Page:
Franklin is midway through the song when she begins to explicitly retell the story of Lazarus—her vocals vacillating between singing and preaching, not unlike the style in which her father was well known for—recreating Jesus’s resurrection of Lazarus. As Franklin sings, “Jesus said ‘for the benefit of you, who don’t believe, who don’t believe in me this evening, I’m gonna call him three times.’ He said ‘Lazarus,’ hmmmm ‘Lazarus,’ hear my, hear my voice ‘Lazarus’…he got up walking like a natural man.” At face value, Franklin’s “Mary Don’t You Weep” is a powerful example of Gospel music’s capacity to perform exegesis, but I’d like to suggest something much more.

In Franklin’s hand, “Mary Don’t You Weep” resurrects the very idea of progressive community—a concept of community that was literally under siege when Franklin made her recording. Less an act of resurrecting of a mythical “savior,” Franklin’s performance was an attempt to recover “beloved” community—a community that as constituted in the New Temple Missionary Baptist Church during those two nights in January of 1972, was a metaphor for the kind of “imagined” community that would have the capacity to elect a Black President more than three decades after Franklin’s performance.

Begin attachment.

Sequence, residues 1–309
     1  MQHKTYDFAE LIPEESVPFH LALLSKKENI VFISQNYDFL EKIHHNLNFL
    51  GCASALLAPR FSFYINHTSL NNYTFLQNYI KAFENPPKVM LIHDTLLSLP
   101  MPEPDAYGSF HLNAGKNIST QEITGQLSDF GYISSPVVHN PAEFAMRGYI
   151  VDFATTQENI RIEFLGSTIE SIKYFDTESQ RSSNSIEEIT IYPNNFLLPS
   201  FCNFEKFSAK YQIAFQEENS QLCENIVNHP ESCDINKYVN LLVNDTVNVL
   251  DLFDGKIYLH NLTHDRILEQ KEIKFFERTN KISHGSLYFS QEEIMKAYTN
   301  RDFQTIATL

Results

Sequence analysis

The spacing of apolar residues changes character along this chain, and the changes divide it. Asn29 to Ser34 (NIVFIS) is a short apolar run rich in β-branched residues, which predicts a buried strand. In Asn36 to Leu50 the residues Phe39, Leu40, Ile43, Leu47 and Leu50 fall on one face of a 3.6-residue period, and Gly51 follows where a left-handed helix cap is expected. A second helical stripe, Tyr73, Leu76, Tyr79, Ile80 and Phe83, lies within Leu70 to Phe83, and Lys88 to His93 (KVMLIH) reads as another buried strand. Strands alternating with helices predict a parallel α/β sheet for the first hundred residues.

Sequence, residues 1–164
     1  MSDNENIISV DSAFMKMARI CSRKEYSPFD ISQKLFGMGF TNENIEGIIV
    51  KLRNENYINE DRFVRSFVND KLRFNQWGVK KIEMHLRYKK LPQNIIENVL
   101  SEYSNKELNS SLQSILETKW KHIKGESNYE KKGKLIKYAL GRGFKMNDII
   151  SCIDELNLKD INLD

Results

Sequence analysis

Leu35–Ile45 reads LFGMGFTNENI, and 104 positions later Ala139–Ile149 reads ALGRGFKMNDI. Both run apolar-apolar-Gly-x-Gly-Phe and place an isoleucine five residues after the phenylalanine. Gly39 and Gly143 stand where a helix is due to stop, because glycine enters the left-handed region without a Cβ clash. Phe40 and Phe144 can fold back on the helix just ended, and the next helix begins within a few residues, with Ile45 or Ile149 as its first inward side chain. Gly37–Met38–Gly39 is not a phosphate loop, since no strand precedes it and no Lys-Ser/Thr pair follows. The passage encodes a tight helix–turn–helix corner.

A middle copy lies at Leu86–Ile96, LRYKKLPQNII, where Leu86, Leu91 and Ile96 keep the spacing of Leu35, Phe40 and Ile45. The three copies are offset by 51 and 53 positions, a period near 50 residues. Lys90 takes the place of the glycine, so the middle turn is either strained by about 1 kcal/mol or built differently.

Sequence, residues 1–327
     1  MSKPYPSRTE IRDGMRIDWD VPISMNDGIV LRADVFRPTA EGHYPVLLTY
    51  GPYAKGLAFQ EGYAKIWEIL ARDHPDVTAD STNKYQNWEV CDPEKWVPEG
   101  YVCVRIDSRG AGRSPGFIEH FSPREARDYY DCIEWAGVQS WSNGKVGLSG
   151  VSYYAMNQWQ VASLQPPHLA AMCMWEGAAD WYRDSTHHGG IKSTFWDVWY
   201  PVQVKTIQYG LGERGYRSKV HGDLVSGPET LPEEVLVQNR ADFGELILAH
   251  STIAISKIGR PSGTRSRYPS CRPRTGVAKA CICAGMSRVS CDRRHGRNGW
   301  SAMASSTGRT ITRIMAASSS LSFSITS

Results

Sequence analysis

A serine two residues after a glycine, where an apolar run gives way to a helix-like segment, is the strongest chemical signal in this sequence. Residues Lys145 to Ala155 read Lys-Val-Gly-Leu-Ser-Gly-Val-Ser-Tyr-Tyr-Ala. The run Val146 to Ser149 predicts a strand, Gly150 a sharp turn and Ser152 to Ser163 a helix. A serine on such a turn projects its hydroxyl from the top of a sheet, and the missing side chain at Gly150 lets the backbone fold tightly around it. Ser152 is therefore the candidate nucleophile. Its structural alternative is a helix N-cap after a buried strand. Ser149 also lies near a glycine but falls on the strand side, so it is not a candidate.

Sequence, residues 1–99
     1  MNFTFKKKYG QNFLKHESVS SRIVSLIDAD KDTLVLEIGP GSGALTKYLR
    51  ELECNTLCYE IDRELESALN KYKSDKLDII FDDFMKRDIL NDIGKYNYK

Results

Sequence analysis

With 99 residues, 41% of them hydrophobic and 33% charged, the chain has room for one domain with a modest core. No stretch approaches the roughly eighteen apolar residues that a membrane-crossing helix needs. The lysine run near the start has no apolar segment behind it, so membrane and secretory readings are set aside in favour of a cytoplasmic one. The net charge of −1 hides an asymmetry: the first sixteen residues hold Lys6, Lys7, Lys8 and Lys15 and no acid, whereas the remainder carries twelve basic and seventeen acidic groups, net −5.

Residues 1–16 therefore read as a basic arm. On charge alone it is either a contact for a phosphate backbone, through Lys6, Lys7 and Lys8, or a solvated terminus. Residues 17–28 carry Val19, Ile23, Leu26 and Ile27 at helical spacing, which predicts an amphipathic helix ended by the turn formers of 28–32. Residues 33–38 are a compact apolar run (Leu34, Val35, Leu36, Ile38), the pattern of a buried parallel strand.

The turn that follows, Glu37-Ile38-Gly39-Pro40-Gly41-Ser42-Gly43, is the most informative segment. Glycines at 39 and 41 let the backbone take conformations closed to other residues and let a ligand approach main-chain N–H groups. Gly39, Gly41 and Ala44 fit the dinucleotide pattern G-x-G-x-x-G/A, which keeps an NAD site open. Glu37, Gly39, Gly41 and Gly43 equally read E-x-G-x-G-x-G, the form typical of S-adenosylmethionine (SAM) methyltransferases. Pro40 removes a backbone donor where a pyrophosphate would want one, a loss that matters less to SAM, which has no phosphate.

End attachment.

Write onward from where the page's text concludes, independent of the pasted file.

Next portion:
Franklin, ends the suite with a 15-minute version of “Never Grow Old”—a song she first recorded as teen—seemingly putting an exclamation point on the inexhaustible idea of “beloved” community (“I have heard of a land on the far away strand, ’Tis a beautiful home of the soul”). By the time Franklin and Cleveland concluded the evening with a second rendition of “Precious Memories,” after impromptu comments from Reverend C.L. Franklin, it was evident to many in the audience, that they had been witness to something that was genuinely transcendent. They didn’t just witness one of the greatest singers of the 20th Century at her peak, but arguably the peak moment of a musical tradition that had, indeed, changed the world.

Mark Anthony Neal is the author of several books and a Professor of Black Popular Culture in the Department of African and African American Studies at Duke University. A frequent commentator for America’s National Public Radio, Neal also contributes to several on-line media outlets, including NewsOne.com, SeeingBlack.com and theLoop21.com.